Compared to the other ethnic groups in Indonesia, let’s say to Javanese or Padang, Balinese people are often given a predicate of ‘disliking to wander.’ Why does it happen? Many reasons can be raised. The commonest reason is the attachment to Hinduism and customary tradition. Well, Balinese humans are very difficult to leave the land of their ancestors.
However, a lot of Balinese people have scattered in various islands across Indonesia, right? Their favorite destinations, for instance, are Sulawesi and Sumatra. Of course, they have gone to another island and left their homeland because they are forced to do it, facing economic trouble and going to the other land through resettlement program. They moved to the island having been promised by the government. Some residents just need to build a house and plow rice fields provided, but some others are forced to clear the jungles to create settlement, rice field and moor.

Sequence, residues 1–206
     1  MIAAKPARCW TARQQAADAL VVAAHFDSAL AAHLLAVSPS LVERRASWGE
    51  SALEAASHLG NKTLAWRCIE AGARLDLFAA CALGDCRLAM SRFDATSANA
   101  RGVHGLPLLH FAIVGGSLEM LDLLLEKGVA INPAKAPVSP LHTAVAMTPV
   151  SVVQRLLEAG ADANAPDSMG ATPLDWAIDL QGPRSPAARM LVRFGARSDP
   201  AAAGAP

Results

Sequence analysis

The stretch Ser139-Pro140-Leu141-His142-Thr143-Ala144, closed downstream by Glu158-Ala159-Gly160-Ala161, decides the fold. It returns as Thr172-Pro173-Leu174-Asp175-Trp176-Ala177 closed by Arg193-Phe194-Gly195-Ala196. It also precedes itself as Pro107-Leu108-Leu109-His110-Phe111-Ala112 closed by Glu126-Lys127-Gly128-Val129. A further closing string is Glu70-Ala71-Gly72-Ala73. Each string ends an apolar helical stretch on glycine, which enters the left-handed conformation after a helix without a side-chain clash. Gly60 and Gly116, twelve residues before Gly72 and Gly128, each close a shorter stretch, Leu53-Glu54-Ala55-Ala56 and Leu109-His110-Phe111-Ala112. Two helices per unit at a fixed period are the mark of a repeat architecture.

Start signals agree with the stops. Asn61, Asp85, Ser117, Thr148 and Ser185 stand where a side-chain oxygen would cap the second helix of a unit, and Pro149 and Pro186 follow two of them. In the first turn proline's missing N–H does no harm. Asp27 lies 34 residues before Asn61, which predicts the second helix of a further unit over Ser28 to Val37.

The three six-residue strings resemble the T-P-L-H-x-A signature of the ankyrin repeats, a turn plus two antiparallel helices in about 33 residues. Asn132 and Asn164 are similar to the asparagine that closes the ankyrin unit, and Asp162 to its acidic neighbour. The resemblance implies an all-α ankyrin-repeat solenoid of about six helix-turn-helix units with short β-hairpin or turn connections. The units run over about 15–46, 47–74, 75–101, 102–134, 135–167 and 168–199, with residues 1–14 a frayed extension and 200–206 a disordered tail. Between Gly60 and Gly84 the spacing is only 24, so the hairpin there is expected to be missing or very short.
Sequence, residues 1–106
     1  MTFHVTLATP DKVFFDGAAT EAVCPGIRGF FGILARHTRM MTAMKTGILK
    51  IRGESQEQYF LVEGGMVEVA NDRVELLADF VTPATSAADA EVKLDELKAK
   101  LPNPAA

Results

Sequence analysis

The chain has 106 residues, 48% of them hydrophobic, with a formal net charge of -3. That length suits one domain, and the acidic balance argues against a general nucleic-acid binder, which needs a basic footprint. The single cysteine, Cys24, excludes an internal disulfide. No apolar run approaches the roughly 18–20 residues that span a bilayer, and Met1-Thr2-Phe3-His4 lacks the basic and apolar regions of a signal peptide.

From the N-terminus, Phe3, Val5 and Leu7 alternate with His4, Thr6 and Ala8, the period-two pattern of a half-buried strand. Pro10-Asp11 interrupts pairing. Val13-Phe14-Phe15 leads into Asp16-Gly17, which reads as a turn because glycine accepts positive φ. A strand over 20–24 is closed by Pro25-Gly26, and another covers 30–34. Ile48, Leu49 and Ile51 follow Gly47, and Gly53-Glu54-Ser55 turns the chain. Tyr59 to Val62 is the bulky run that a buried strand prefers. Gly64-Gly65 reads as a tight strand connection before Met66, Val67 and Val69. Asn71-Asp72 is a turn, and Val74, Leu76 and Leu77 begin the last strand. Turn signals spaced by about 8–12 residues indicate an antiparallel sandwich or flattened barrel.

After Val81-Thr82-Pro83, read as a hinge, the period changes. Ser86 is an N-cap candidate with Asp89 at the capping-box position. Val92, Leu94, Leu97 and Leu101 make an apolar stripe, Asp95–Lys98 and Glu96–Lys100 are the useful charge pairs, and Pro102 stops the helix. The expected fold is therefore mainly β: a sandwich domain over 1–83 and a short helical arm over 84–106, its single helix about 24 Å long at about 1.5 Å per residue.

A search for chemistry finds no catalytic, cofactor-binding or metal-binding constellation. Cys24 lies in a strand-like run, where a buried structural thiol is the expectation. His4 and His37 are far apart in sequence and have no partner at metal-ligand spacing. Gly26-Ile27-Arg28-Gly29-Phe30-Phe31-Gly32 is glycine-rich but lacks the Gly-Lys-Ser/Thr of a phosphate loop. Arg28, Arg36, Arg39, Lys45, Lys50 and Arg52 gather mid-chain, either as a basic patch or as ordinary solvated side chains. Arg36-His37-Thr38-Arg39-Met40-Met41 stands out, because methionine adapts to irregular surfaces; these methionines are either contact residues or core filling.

Meanwhile, some others migrated to Java. Generally, they are continuing their study and or followed relatives who had previously settled in Java. There are significant differences owned by migrants to Java or to other regions outside Java. Economically, those migrating to Java have a better economic condition rather than those migrating to Sumatra or Sulawesi. Within decades, the migrants then developed into a new community that cannot simply be uprooted from their ancestral land where ranging from Hinduism, customs and other attributes are taken along. As consequence, we can commonly encounter a lot of ‘Bali Island’ in some regions in Sulawesi and Sumatra.
Many of them are successful. However, some others fail due to some reasons. However, they generally work hard, diligently and behave honest. This work ethic usually takes them to the stairs of success. However, the success does not necessarily make them forget and never forget their ancestral lands where their ancestors used to be. Therefore, on every major religious day like Galungan, Kuningan, Nyepi and some others they return home.
Although it was not a performing art, a total of 735 Balinese women roasting coffee…